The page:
After Erzurum we cycled on with Dean, expecting to take 3 days to reach the border town of Dogubeyazit. It turned out to be an eventful 3 days. First of all, on the afternoon of the first day we were overtaken by a tractor and a trailer, the driver of which unfortunately was clearly not used to cyclists and pulled in before he had fully passed us, knocking Dean off of his bike. Thankfully he wasn’t actually run over and in the end suffered just some bruising, but at the time he was concerned he had damaged the elbow he broke previously in Bratislava, which would have been a disaster. Not much fun at all. Then in the afternoon we had 2 punctures which was annoying. In the evening we set up camp on a dried river bed, a nice secluded spot that was quite comfortable because of the sandy river bed. None of us slept very well though because we were woken up by what sounded like something big padding around our tent and growling or grunting! Pete was brave enough to investigate but whatever it was disappeared by the time he got out the tent, only to come back when he got back in! It was probably only a fox or something, but then we are in bear country (indeed Tom and Ollie saw a dead bear on the road just a few days before) and it certainly sounded big enough to be a bear. Not only that, the bag of rubbish that we had placed about 50m from the tent before we went to sleep (in case anything decided to investigate it) was missing the next morning, nowhere to be found! The joys of wild camping!

The next day Dean realised in the morning that the previous day’s collision had left his front wheel wobbly and potentially dangerous. We all agreed it was best for him to hitch to the next big town to get it fixed. This proved to be quite easy because we came across a military checkpoint where Dean enlisted the help of the soldiers, who were only to keen to help. They stopped the next bus and got the bus driver to take Dean and his bike (well the bus driver was hardly going to say no to an armed soldier) to Agri, 80km away. He didn’t even have to pay! When he got to Agri he was able to get his bike fixed without a problem, and we caught up with him in the evening. While he was waiting he got talking to some locals and ended up with an offer of accommodation for all three of us for the night, very welcome after the long hot day’s cycling that we had. The climate has really heated up now, with temperatures topping out at between 30-35c every day. So hot that the sunshine melted the tarmac on the roads, not great for cycling at all. We are hoping that Iran and other hot countries use something different for their road surfaces as it is no fun cycling on tyres covered in melted tar! We were planning on reaching Dogubayezit the day after we stayed at Agri, but we had a late start talking to our hosts, it was really hot and then a tremendous headwind kicked in. We had been told that there were some nice hot springs about half way to Dogubayezit so we decided to have a short day and spend the night there. Wasn’t quite what we had envisioned – it turned out that the thermal hotel was open, but was primarily used to billet soldiers and police in the area, rather than being aimed at tourists! By the time we established this it was too late to cycle on, and the hotel said we could stay although the thermal baths weren’t operational. It was very cheap and the rooms had baths in them – not quite a thermal spa but a bit of a luxury nonetheless – so we decided to stay the night. The next morning we had only gone 10km up the road when amusingly we bumped into Tom and Ollie again – they had left Erzurum a day after us but hadn’t had to deal with being knocked off their bikes, bike repairs etc, so had caught up with us without knowing it. They were camped in a small Kurdish village, all of which came out to watch when we pulled up on Th our bicycles, no doubt a fairly unusual sight round here! Tom and Ollie had also met another cyclist called Ian, a GP who it turns out lives juts down the road from us in London – small world or what! He is on a long-distance trip to Kathmandu so has joined the ‘gang’ for a while. That means that we are now a group of 6, 5 guys and Christine, who is feeling rather outnumbered but quite safe which is good! We had a nice 50km ride into Dogubeyazit, which lies at the foot of Mount Ararat, which is 5137m tall. Crazy to think we will be cyclign to almost that altitude in just a few weeks! It was Christine’s 30th birthday and Dean’s 32nd birthday so that night we had some beers in the hotel, along with cake, balloons and presents (mostly stickers for our bikes and that sort of thing!), before heading out for a kebab and a water pipe. A very pleasant evening all round.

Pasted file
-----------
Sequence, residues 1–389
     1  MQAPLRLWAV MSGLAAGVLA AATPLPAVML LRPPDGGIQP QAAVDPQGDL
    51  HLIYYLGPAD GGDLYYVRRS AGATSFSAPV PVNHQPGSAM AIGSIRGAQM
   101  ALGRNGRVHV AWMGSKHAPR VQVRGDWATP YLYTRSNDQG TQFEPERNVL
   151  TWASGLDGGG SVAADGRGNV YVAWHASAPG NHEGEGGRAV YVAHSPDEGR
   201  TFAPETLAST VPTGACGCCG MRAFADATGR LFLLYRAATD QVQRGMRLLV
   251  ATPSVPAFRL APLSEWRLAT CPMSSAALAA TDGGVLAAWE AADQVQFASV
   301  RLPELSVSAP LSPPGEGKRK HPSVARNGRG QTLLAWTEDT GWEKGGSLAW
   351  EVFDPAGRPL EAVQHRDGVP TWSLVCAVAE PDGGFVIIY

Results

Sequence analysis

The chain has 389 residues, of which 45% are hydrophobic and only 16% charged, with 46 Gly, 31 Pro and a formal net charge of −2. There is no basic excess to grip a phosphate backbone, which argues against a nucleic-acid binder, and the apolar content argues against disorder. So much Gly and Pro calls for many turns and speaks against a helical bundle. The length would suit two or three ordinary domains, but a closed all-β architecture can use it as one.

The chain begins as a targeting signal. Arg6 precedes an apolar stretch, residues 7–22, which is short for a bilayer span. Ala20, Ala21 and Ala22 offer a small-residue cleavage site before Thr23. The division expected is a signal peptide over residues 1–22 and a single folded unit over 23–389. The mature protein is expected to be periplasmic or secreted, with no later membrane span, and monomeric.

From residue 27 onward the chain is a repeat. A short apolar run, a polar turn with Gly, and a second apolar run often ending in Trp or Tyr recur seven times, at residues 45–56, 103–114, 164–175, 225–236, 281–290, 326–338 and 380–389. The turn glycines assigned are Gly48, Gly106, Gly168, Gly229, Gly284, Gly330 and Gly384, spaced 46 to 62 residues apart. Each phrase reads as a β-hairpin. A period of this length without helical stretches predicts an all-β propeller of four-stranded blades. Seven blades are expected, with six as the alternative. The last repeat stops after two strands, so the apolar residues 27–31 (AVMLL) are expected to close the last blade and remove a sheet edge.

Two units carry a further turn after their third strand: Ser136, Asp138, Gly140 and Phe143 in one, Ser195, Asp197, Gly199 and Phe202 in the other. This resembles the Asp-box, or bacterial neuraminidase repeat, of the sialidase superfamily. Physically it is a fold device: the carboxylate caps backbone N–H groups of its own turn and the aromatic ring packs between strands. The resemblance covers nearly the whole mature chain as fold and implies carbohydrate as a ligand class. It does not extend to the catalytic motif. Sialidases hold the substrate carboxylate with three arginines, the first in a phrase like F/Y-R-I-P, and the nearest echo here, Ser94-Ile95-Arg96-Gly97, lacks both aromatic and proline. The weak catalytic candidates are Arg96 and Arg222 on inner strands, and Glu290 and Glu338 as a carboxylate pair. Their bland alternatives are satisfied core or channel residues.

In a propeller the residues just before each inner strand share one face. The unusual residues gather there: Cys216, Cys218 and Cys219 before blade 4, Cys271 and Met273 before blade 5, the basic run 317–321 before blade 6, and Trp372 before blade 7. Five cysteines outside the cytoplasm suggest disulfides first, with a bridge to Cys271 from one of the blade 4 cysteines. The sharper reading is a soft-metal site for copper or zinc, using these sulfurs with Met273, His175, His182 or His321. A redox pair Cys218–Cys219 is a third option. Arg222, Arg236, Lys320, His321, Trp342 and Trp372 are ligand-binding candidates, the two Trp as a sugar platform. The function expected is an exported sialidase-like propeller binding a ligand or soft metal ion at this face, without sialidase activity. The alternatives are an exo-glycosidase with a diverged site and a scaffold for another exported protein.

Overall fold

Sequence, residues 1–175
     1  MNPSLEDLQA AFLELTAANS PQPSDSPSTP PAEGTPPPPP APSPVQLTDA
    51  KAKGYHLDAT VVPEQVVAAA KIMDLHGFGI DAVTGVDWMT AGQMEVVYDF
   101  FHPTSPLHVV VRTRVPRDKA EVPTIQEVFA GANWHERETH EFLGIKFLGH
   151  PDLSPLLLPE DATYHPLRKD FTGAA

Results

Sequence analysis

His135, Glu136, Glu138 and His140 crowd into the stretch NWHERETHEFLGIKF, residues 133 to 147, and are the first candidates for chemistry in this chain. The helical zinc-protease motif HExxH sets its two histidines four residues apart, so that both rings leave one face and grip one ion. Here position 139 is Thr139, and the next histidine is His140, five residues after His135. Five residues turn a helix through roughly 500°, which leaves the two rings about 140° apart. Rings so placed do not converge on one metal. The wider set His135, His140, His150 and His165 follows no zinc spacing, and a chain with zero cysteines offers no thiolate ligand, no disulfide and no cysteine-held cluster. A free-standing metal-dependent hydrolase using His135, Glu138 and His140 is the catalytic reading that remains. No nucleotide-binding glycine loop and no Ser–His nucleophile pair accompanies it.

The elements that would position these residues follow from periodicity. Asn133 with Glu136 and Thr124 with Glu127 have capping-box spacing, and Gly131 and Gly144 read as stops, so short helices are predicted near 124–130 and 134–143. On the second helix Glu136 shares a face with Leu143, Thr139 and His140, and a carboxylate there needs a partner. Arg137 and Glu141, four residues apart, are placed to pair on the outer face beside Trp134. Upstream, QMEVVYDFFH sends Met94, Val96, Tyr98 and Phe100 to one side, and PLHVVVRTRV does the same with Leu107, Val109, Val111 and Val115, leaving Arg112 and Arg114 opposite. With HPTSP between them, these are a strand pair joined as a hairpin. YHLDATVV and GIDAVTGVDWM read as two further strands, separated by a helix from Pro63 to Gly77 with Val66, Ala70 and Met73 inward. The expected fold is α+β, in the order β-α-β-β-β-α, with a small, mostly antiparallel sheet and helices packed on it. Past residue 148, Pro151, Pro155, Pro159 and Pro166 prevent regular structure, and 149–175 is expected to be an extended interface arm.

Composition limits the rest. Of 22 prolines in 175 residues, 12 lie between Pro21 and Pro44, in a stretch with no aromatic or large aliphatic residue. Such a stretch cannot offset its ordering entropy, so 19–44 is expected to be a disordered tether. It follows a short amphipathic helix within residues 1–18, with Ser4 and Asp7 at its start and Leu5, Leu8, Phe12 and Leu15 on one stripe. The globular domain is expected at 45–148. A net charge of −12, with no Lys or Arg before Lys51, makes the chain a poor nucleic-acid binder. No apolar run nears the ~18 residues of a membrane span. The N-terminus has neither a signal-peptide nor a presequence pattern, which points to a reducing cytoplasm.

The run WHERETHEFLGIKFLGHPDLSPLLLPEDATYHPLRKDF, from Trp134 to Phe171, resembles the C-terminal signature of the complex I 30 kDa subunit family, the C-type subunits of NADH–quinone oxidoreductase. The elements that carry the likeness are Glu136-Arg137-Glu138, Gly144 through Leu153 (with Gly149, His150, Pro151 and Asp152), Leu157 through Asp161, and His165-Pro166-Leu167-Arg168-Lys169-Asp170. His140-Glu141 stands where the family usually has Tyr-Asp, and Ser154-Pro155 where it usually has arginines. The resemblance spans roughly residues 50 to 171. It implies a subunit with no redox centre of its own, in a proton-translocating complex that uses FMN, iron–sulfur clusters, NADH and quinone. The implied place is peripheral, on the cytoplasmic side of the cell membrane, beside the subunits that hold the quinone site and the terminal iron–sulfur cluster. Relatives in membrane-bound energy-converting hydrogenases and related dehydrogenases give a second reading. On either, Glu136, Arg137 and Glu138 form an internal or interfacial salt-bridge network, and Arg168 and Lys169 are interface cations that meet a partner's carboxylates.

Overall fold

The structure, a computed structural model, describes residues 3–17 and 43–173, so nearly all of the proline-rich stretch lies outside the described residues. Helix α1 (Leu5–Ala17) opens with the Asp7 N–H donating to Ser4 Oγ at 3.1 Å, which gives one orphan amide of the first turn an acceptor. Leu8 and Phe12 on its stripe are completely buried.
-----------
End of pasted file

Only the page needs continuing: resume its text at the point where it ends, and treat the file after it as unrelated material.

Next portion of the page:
Tomorrow we head into Iran, where we expect that websites such as facebook, our blog and many others will not work, so this may be the last update for a while. Think of us sweltering in 40c heat (in fact it is 44c in Tehran today, ouch) – suddenly cool British summers seem quite appealing!

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Responses

  1. Good luck for Iran, definitely sounds like its getting more adventurous with bears, terrorists and melting tarmac to contend with!